Arenas at the Max Bell Centre and the Village Square Leisure Centre have new names, honouring a pair of long-time sport and hockey leaders in Calgary.
The Perry Cavanagh and Wally Kozak Arenas were officially given their new names on Oct. 15 during ceremonies held by the City of Calgary and Hockey Calgary.
Speaking at the Max Bell Centre on Saturday, Kevin Kobelka, Executive Director for Hockey Calgary called the renaming of the former Arena 2 a natural thing.
“Perry has been such a long time great volunteer and has done so much in this city, and probably most importantly, he was the architect of building Max Bell Arena 2,” Kobelka said.
Kobelka said that the renaming reflected Cavanagh’s history of growing inclusivity in the sport, and providing opportunities to all kids in hockey regardless of whether they were a grassroots player or an elite prospect.
“He was about providing a place for the kids to play, and he looked at the rink as a community,” Kobelka said.
“It was a place for kids to come and get off the streets and have a community, and a home, and a safe place to play and have fun.”
The City of Calgary originally announced that the two arenas would be renamed earlier this year, but waited until the completion of a $14 million upgrade to the Max Bell Centre.
“We’re proud to add Perry Cavanagh and Wally Kozak to a list of significant sport and community leaders whose names adorn our arenas,” said Calgary Recreation Director Heather Johnson in March of this year.
Cavanagh previously worked as the President of the Minor Hockey Association of Calgary, was on the board of directors for Hockey Calgary, and was the Chairperson for the Sport Calgary board.
Kozvak worked as a physical education teacher in the city’s northeast, and as a technical advisor to Girls Hockey Calgary. He is also known internationally for helping to establish the Women’s National Team program.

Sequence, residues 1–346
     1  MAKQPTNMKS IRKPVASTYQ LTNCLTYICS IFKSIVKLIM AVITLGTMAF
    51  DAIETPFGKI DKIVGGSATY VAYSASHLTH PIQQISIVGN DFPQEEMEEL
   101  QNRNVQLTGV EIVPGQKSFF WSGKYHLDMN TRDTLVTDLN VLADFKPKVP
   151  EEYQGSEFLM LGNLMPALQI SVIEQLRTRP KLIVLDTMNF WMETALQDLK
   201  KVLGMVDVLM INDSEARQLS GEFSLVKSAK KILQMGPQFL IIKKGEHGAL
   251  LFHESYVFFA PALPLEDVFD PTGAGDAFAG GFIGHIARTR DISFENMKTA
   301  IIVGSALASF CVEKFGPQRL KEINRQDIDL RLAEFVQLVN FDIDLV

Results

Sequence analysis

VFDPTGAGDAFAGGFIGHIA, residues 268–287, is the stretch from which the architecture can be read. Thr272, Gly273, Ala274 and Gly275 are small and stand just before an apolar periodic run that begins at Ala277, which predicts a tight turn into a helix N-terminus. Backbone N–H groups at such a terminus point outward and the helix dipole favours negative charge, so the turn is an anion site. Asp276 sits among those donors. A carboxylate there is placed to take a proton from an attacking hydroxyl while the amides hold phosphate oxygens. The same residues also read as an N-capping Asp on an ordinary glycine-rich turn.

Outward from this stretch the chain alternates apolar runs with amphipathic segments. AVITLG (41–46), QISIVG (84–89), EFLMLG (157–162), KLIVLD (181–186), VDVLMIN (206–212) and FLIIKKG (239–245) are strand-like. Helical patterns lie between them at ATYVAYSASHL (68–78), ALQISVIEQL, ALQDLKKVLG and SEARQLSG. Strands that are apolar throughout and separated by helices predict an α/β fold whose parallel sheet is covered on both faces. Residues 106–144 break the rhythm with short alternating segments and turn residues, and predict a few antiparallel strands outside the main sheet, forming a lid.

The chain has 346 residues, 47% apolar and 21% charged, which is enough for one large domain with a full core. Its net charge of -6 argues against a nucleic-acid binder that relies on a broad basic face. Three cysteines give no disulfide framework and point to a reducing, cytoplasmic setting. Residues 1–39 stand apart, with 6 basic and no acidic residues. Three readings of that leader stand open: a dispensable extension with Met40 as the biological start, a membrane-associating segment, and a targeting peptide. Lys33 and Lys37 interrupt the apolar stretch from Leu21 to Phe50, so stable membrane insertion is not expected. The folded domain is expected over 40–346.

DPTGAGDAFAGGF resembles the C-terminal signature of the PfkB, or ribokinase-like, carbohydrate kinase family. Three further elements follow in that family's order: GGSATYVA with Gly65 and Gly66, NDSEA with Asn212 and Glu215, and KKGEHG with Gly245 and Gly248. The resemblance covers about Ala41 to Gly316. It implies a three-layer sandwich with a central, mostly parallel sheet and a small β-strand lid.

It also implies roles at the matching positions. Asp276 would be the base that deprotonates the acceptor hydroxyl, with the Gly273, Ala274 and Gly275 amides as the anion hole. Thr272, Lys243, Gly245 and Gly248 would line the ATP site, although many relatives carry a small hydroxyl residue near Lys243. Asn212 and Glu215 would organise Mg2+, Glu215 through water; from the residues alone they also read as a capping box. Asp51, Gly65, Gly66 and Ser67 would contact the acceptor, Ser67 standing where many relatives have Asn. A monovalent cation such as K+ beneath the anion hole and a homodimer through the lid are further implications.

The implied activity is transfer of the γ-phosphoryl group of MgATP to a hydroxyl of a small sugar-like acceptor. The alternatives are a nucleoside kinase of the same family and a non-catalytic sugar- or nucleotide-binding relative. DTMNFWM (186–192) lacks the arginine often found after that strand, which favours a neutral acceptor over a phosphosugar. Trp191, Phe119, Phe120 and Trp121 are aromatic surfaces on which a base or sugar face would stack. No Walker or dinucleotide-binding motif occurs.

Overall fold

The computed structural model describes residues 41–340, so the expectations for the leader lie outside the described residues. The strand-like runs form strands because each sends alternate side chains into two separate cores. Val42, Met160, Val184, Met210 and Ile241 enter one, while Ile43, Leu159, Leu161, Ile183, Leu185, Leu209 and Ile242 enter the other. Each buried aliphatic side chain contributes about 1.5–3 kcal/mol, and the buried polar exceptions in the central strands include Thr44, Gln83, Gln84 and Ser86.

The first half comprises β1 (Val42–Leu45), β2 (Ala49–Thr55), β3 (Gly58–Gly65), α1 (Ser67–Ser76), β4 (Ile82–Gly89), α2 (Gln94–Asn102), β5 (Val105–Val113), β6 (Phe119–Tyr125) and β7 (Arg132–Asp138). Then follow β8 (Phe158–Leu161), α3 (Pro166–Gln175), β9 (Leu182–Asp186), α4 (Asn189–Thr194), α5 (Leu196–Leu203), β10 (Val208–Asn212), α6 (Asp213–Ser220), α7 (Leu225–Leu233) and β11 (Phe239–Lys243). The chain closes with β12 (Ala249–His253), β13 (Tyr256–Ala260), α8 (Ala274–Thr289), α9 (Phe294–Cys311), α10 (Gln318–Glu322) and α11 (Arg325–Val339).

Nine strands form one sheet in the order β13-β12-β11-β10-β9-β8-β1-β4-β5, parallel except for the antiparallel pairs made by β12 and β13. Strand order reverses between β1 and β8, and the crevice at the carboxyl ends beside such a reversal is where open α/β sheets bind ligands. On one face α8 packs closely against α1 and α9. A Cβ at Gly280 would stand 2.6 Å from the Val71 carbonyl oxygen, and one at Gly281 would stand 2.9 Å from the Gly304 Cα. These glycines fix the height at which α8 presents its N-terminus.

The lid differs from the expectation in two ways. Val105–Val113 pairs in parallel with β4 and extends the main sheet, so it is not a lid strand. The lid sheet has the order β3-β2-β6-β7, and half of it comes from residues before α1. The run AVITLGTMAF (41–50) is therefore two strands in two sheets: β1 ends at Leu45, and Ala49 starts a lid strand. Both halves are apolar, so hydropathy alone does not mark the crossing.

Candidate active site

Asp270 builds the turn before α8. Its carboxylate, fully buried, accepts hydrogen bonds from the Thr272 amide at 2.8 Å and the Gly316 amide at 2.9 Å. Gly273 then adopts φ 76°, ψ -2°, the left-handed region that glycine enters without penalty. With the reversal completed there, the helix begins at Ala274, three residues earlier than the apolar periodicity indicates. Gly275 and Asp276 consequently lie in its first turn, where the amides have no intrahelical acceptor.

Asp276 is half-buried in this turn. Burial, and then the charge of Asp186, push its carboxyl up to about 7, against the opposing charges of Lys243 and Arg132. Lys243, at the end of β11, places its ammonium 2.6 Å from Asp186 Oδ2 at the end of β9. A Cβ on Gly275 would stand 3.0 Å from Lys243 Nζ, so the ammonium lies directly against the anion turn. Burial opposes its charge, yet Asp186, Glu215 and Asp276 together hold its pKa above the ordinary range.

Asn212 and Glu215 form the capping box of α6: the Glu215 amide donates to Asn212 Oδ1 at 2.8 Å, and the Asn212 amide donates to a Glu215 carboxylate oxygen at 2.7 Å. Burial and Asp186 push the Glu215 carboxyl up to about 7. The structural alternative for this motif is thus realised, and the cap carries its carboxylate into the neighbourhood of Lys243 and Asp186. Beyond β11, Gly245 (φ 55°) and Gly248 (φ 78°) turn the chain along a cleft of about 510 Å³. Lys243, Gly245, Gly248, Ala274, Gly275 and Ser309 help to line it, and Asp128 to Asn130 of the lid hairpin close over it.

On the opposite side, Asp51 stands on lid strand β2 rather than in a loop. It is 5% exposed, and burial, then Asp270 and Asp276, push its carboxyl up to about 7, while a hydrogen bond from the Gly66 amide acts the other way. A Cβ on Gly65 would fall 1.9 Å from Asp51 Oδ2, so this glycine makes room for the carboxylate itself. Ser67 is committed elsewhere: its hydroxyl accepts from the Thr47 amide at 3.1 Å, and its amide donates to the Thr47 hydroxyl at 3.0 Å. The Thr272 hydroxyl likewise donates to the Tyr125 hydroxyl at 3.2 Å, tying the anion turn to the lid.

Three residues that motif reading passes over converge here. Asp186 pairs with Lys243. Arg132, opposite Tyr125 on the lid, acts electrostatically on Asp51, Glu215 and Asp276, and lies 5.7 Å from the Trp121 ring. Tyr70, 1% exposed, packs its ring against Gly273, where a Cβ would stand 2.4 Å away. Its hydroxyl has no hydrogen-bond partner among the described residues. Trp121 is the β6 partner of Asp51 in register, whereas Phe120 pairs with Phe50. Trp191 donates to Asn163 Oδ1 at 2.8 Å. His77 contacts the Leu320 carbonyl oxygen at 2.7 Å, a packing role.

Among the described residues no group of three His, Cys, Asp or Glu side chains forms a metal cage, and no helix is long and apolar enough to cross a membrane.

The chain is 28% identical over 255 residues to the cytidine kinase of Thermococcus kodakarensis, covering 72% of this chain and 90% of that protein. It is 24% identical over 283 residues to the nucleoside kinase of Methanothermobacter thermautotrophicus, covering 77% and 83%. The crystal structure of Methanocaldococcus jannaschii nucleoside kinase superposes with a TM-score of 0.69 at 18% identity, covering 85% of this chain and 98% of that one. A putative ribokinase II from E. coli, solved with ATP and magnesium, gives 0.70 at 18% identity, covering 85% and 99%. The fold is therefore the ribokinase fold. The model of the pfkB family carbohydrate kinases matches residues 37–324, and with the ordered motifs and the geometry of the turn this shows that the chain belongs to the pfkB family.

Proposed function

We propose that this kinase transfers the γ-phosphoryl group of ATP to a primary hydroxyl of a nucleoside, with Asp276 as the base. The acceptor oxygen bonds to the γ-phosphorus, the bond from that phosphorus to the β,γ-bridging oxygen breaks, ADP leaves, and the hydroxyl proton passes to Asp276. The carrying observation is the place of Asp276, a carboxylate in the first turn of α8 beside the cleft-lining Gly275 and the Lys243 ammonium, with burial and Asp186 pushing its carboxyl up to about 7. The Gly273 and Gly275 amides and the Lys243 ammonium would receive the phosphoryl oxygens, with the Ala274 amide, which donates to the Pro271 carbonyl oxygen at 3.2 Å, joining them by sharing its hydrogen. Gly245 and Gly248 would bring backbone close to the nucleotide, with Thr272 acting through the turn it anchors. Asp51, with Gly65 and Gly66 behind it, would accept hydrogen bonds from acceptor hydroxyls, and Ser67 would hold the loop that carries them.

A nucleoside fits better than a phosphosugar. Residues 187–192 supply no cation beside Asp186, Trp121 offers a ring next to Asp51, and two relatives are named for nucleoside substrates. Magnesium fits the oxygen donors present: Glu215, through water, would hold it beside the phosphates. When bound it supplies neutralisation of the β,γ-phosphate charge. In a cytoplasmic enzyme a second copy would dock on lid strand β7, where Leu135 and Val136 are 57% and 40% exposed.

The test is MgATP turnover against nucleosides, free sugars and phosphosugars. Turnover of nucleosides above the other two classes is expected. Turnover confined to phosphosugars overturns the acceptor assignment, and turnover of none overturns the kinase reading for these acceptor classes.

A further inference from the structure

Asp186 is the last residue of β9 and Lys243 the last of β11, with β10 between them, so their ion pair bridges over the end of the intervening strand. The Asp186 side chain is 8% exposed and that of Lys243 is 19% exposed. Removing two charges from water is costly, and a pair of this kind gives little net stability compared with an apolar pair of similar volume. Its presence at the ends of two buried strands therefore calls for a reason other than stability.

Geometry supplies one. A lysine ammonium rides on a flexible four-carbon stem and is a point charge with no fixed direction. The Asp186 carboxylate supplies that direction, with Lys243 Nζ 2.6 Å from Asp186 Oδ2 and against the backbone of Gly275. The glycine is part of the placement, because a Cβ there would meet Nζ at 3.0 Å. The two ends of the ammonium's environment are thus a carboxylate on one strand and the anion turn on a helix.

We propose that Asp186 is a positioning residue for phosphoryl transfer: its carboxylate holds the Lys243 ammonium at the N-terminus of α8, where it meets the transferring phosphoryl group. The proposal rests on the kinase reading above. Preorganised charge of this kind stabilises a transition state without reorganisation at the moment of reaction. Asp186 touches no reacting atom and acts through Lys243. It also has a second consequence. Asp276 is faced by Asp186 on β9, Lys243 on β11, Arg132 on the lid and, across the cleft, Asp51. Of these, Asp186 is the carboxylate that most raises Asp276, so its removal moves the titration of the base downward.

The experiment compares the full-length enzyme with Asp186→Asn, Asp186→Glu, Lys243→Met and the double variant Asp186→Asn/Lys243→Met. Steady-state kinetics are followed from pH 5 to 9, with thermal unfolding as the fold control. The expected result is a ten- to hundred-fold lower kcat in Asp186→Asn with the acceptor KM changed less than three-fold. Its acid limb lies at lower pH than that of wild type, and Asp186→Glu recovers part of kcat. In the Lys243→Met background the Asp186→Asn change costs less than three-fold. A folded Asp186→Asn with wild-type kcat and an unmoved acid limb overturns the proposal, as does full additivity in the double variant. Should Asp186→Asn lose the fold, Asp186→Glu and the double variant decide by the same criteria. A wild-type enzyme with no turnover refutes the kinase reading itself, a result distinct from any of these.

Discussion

Honours incredible for honourees
For his part, Cavanagh called the honour an an incredible one.
“I tell you, I was just out of my head it was unbelievable,” he said.
Kozak called the naming of the Village Square arena one that was humbling.
“That facility provided an opportunity to learn how to teach and coach and continually serve the ‘good of the game’.”
Steve Cavanagh spoke on behalf of the family during the presentation of the bronze plaque that now adorns his father’s namesake arena.
“My father exemplifies what it means to be someone who does everything they can in their power to provide access to and improve the quality of sport in our communities,” he said.
“As a family, we’re beyond proud of what he’s achieved for sport in our city, and he’s always said from day one that it’s for the kids. Selfishly, I have to admit that I can’t wait to one day bring my son to the arena to play on grandpa’s rink.”
Ward 9 Councillor Gian-Carlo Carra spoke about the need to be inclusive in sport.
“We are so diverse in the city and it’s incredible and I thank Perry for not being the gatekeeper but for opening the door wide open for all Calgarians and I thank you so much,” he said.